Lionel was adopted as a small baby, and recently became reunited with his biological mother and sister.  His sister has Huntington’s disease, but they are certain it was not inherited from their mother, who is 55 years old and has never had any symptoms. The condition must have come from the siblings’ father, who is now deceased. He got the condition from his father, Lionels’ grandfather.

Hui Yin is an only child, with no known family history of Huntington’s disease.

Complete your pedigree of Lionel and Hui Yin’s families.  Assume that Lionel is heterozygous for Huntington’s disease, and include all genotypes for this trait using a capital “H” for the dominant allele, and a lowercase “h” for the recessive allele.

  • Cross Lionel’s genotype with Hui Yin’s in the Punnett square below, assuming that Lionel is heterozygous for Huntington’s disease.
  • Based on your Punnett square, what is the likelihood that Lionel and Hui Yin will produce a child that will NOTbe at risk for developing Huntington’s disease as an adult?

Case Study C

Paula and David are pregnant, and just learned that their baby has two X chromosomes.  They visit a genetic counselor with concerns about passing hemophilia to their baby, as this X-linked recessive condition is present in both of their families. They decide to pursuit pedigree analysis to assess their child’s risk before undergoing prenatal testing to screen for the genetic variants associated with the condition.  They provide you with the following information about their family histories:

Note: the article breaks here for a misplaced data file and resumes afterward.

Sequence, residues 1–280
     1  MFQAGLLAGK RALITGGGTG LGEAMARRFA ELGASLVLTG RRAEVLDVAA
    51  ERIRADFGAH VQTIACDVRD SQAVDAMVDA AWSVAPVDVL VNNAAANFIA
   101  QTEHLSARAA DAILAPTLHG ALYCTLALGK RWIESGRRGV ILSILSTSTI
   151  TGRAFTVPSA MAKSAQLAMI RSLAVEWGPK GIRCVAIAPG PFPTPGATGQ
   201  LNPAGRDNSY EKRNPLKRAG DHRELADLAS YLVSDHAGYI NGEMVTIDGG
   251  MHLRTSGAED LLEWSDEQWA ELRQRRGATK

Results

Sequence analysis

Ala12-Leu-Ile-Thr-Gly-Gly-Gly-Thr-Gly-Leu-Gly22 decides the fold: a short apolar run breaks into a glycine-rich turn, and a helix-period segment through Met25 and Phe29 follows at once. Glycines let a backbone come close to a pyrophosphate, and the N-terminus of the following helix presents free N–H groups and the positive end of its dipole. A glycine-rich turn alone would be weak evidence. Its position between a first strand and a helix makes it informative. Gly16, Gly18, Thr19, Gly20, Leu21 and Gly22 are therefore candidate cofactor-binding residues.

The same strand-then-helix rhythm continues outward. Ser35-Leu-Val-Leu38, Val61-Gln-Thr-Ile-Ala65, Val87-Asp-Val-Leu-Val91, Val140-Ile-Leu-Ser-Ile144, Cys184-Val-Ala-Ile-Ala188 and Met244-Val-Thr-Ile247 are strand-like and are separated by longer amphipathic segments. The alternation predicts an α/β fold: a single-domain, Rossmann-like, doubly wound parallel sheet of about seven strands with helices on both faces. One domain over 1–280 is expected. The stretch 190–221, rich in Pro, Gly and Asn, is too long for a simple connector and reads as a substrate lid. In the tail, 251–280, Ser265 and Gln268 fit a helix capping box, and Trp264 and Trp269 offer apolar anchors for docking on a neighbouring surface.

Paula is one of three siblings, and is a carrier for hemophilia.  Her mother and sister are also carriers, but her father is completely unaffected.  The only person in her family to actually have the condition is her brother. 

David has two sisters, one with hemophilia and one without.   Although David and his mother do not have the condition, his father did.  In addition to the baby on the way, Paula and David have two sons, both of whom were diagnosed with hemophilia shortly after birth.  

Complete your pedigree for Paula and David’s families, and record everyone’s genotype for heemophilia using a capital “B” for the dominant allele, and a lowercase “b” for the recessive allele.  Because hemophilia is an X-linked trait, you will need to include the sex chromosomes in the genotypes (e.g. XBXB, XBXb, XbXb, XBy, XbY)

  • Cross Paula and David’s genotypes for hemophilia in the Punnett square below.  Be sure that you add the sex chromosomes to your genotypes, and cross them along with their alleles. 
  • What is the likelihood that Paula and David will pass hemophilia to their unborn daughter?  Would the chances be the same if she was male?  Why or why not?   

LA 4 – Part 2: Evolutionary Forces

There are four evolutionary forces that shape which traits are present within a population, and which get passed to future generations.  These forces include mutation, gene flow, genetic drift, and natural selection.


You recently reviewed a video called “The Five Fingers of Evolution” that described the different forces that act on populations to cause genetic change over time.  Use information provided in the video to answer the following questions.

  • Which finger(s) in “The Five Fingers of Evolution” do you think represent genetic drift?  Be sure to explain your answer.
  • What is gene flow, and what effects can it have on a population’s gene pool?
  • What specific advantage(s) must a genetic trait provide in order to be “favored” by natural selection?